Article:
Distance: 15.0 miles
Ascent: 3570 feet
I didn’t trust the weathermen. Metcheck, the Met Office and MWIS all predicted a beautiful and sunny day, with temperatures reaching 14C. I packed my winter kit. It turned out they were right. So I spent most of the day in shorts and a t-shirt, lumping around a ton of gear.
We jumped out at Hope station to an already warm world. We immediately headed along the footpaths for the summit of Win Hill, removing layers as we went. As we passed Edge Farm the humidity really began to rise, and on the final stretch to the summit I was beginning to wonder if we were about to get a storm. An unseasonal start to an unseasonal day.
After a brief rest on Winhill Pike we walked along Hope Brink for a time before taking a turning left to walk down through the woods to Hagwater Bridge. Here the sunlight penetrated through the trees, reflecting off the new growth moss giving everything a very eerie and surreal feeling. Several of the hollows had a very ‘Lord of the Rings’ feeling, however my pictures didn’t capture the moment, as is often the case.
Looking up Edale
We crossed over the Snake Road and walked up the Bellhag Tor. From there the grassy path soon gives way to a flagstone path. However this is one that has been in place long enough to allow plant life to re-seed the peat and blend the stones with the landscape more. It’s good to know that positive things are finally coming from all the conservation work. We made very quick time across this section of moor, the great swathing colours of the differently yellow grasses making the journey pleasing on the eye.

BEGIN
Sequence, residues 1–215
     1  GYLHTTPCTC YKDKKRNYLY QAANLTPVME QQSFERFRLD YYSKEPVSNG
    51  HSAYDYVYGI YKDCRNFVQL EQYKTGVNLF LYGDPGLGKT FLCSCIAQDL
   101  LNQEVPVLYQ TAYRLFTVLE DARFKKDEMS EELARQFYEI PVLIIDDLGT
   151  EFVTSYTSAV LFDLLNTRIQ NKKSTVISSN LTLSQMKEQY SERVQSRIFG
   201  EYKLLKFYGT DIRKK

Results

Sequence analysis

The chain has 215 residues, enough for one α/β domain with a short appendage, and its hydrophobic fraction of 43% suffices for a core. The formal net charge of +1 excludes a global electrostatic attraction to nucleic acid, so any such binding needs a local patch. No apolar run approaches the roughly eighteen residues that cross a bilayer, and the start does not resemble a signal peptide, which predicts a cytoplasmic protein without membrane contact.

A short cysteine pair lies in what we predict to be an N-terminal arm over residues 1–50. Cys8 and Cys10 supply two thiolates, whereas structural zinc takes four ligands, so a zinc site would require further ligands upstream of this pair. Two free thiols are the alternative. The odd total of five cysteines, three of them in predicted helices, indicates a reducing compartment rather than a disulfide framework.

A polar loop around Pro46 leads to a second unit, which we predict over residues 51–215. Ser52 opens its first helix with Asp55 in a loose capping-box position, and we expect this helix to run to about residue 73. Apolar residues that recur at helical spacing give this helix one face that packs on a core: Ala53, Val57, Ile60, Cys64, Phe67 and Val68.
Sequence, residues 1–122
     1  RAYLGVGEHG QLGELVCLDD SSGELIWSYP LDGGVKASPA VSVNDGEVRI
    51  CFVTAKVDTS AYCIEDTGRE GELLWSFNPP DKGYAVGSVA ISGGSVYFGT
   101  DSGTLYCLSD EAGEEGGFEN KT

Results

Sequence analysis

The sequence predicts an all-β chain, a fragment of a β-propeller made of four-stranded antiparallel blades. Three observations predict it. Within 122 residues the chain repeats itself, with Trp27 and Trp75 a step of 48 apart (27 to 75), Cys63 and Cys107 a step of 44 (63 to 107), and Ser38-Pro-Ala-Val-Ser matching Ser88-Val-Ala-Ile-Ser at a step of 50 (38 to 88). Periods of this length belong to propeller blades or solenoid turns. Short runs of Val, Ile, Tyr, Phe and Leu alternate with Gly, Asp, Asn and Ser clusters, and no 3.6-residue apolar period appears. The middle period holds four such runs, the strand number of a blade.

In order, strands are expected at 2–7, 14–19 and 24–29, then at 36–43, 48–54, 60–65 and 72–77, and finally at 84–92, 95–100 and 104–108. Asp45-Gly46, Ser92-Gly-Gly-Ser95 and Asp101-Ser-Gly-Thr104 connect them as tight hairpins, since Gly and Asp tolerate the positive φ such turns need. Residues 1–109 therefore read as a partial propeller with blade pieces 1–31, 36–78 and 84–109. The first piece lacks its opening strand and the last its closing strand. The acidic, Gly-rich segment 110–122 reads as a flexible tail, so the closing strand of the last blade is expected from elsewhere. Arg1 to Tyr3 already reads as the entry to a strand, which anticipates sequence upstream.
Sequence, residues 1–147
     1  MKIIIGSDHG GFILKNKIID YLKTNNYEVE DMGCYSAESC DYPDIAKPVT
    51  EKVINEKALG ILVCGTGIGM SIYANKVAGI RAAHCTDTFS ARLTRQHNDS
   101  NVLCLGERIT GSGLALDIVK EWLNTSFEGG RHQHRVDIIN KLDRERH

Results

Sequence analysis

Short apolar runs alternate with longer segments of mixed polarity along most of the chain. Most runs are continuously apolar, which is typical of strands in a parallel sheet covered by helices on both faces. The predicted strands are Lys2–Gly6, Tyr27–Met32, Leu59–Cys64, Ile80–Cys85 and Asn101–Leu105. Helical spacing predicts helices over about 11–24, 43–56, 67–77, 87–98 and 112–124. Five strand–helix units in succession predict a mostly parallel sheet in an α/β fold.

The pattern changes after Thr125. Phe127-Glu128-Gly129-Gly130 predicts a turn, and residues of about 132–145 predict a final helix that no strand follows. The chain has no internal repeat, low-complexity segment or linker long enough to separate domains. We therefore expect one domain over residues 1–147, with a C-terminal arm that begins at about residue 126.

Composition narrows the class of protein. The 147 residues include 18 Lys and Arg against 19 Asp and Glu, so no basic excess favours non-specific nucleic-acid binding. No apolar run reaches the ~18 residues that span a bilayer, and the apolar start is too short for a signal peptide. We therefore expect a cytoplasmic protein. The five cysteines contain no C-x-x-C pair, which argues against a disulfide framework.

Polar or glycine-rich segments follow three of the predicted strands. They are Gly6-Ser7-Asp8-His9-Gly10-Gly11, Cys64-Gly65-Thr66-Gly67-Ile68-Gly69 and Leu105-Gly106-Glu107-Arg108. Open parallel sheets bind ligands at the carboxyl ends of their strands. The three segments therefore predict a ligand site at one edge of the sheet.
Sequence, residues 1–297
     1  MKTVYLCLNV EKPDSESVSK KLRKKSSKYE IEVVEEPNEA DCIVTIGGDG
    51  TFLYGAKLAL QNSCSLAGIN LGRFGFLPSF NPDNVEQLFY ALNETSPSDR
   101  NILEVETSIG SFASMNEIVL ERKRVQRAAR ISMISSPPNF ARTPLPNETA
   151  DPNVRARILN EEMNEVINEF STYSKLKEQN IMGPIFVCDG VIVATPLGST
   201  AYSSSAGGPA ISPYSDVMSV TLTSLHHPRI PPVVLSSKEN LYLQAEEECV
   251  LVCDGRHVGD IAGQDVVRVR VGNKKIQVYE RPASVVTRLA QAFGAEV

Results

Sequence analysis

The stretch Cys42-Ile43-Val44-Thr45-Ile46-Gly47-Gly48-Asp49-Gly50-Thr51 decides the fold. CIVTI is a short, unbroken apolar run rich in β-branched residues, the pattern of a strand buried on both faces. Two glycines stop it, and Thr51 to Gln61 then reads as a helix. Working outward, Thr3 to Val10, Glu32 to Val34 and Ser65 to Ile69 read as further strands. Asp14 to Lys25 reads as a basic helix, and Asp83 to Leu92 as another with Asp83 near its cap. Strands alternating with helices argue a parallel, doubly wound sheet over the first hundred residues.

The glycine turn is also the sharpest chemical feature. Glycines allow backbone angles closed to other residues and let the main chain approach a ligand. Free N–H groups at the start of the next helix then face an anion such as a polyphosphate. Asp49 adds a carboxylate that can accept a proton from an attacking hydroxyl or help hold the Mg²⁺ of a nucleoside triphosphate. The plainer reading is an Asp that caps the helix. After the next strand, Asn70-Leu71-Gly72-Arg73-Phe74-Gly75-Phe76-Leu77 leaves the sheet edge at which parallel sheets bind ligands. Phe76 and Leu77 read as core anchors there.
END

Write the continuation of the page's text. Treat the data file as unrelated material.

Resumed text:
Before long we reached Alport Castles, this being the first any of us had visited. We ate beneath Little Moor before going to have a brief look at The Tower. We left climbing it for another visit (to make sure I go out of my way to come back soon!) and followed the path down to Alport Farm. From here we walked down the track to the Snake Road before following the road for 700m. We then turned off down a path to start the ascent of Blackden Brook.
This was another first for any of us. And what a path this is! The sides soon become steep, and the path quickly narrows, repeated crossing the brook in order to find a way up onto Kinder. As you get higher it feels more like and amphitheatre, steepening all the time. As there has been a lot of rain recently all the waterfalls into the clough were in full flow, giving up quite a spectacle, but also quite a challenge as the brook itself was rather full. The final stretch is a scramble onto the plateau, a brilliant way to end a path that has catapulted itself onto my list of top routes. I intend to return after a dry spell in order to go scrambling up some of the less orthodox routes out of the clough. I cannot recommend this route to others enough.
Down Blackden Brook
We then headed due south to meet the path on the southern edge of Kinder. Surprisingly the plateau itself was on the dry side, something I wasn’t expecting given the amount of water rushing down Blackden Brook. From there we walked west and headed down to Edale station via Grindsbrook and a stop in the Nags Head.
Alport Dale and the Howden Moors
All along this section it felt more like a late summer evening that a February afternoon, typifying a very unusual (weather wise) but highly enjoyable day.